How do we maintain religious freedom and protection?

Several weeks ago, I wrote about a case in Bernard Township in New Jersey in which the Thomas More Law Center (TMLC) alleged that a local mosque was using intimidation tactics to coerce the local government into granting a permit for the construction of a mosque.  TMLC had filed a Public Records Request with the Bernard Township Committee on behalf of a resident that had called out what he believed to be illegal secrecy regarding a special meeting that was to be held by the Committee.

The meeting was to have taken place on a late Friday afternoon, but was cancelled because it had been called without proper notice to the public.

Richard Thomas of the TMLC stated, “Based on the timing of the meeting late in the day on Friday, the meeting agenda, and discovery that resolutions approving the settlements of both the DOJ and the Islamic Society of Basking Ridge (Islamic Society) lawsuits had already been filed with the Township clerk, it is probable that a decision had already been secretly made and that the scheduled meeting was just a formality.”

The lawsuit by the Justice Department was filed against the Bernards Township in November of last year alleging that it had violated the Religious Land Use Act (RLUIPA) by denying a building permit to the Islamic Society of Basking Ridge to build a mosque.  At that time, according to the suit, places of worship were allowed by right in the zone in which the property was located.

In the suit, the DOJ accused Bernards Township of applying a different standard than it applied to other religious and non-religious assemblies, and that it had imposed a substantial burden upon the mosque’s freedom of religious exercise.  In doing so, it alleged that Bernard Township had amended its zoning ordinance in order to deny the permit.

Previous to the DOJ’s lawsuit, the mosque (Islamic Society of Basking Ridge or ISBR) had filed its own suit against Bernard Township in March of 2016, alleging essentially the same things that were included in the DOJ suit.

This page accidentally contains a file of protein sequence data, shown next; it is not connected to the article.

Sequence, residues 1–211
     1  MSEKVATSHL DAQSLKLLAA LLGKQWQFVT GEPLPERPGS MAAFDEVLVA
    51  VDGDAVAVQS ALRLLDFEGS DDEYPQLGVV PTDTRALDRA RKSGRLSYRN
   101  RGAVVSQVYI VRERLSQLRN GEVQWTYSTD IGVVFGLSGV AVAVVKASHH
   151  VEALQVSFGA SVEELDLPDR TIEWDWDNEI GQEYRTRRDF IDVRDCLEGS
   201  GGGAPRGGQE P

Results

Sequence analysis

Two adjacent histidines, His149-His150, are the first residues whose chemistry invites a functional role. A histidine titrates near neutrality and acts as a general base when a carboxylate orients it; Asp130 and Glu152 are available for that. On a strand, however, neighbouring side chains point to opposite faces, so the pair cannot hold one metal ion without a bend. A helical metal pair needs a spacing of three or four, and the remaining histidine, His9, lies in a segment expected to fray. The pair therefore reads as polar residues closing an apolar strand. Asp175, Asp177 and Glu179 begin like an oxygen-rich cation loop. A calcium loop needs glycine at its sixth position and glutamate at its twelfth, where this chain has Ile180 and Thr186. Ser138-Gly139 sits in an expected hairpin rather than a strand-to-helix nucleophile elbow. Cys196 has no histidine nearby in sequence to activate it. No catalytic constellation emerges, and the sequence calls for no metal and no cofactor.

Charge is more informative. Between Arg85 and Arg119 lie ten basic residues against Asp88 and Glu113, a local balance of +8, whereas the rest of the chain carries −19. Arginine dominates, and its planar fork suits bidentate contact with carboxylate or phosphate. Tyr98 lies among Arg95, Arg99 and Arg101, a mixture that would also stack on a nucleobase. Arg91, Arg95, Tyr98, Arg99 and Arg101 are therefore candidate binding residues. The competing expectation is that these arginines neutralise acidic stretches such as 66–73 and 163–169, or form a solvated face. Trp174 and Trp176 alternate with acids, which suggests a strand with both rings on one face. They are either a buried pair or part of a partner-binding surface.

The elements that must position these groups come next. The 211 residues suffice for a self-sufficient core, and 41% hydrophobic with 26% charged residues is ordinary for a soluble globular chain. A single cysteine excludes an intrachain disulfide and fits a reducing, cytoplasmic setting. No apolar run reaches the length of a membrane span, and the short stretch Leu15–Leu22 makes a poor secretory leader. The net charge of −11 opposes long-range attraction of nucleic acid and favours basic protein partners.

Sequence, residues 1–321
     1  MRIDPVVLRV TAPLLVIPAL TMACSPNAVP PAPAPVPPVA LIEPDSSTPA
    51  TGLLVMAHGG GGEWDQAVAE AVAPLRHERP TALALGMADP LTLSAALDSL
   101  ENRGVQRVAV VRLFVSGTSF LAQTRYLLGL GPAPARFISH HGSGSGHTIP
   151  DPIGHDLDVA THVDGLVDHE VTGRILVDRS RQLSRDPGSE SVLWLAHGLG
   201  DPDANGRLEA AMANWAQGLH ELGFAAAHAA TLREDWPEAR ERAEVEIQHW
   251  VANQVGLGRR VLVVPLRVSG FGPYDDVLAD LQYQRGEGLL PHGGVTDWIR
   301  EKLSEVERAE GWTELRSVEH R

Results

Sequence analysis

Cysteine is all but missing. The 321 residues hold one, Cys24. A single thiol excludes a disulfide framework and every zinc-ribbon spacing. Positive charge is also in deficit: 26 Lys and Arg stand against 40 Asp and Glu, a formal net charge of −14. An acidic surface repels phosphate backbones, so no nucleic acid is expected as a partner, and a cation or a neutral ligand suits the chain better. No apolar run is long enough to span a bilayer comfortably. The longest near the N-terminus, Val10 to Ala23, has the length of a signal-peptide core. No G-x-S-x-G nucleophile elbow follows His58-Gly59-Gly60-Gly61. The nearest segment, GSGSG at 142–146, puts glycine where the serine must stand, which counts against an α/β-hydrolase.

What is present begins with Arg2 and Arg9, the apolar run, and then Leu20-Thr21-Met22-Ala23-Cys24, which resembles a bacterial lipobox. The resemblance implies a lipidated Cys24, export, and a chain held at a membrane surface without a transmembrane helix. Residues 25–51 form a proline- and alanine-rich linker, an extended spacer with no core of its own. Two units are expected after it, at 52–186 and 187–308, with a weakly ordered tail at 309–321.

Bernard Township maintained at that time that its denial was legitimately based upon land use and safety issues.

As a result of the pending DOJ suit, Bernard Township voluntarily complied with the DOJ’s requests for information from the previous 24 years of Planning Board hearings, spending 350 hours and delivering over 215,000 pages to the DOJ.  However, Bernard Township alleged that the DOJ was not interested in finding the truth. Bernards’ mayor stated, “The Township strongly believes that the DOJ action is designed to coerce the Township to settle in a manner which does not address proper land use planning.”

On New Years’ Eve of 2016, a federal judge ruled that Bernards Township had discriminated against ISBR by requiring more parking spaces for the mosque than would have been required for churches or synagogues.

On May 23, 2017, the Township voted to settle the two lawsuits.  In an NBC news article authored by Chris Fuchs, he wrote, “After 39 hearings over four years and allegations of anti-Muslim animus, a New Jersey township agreed Tuesday night to settle two federal lawsuits that accused officials of discriminating against an Islamic society seeking to build a mosque.  The Bernards Township planning board voted 6-1 at a hearing to settle with the Islamic Society of Basking Ridge and 5-2 with the Justice Department… The five-member township committee also approved settling both lawsuits in a 4-1 vote…”

Terms of the settlement have not been announced, but Bernards Township consistently denied discriminating against the mosque in denying the building permit.

Fuch ended his article by writing, “One Islamic Society of Basking Ridge member told NBC News the township’s decision to settle was an important vindication of the First Amendment Rights”, and quoted ISBR’s attorney who said “I think justice has prevailed and look forward to moving on together with the entire community of Basking Ridge.”

In support of religious freedom in America, the last thing that we want is for government to begin defining what is religion and what is not.  We have already seen numerous cases in which municipalities have discriminated against churches or synagogues in order to prevent them from taking taxable property out of the tax rolls.

But in the wake of the genocide against Christians and others in the Middle East, the recent murders of concert-goers in Manchester and the murders of Coptic Christians in Egypt, all at the hands of Muslims, we must have some constitutional and legislative way to maintain not only religious freedom, but safety and the preservation of our system of laws.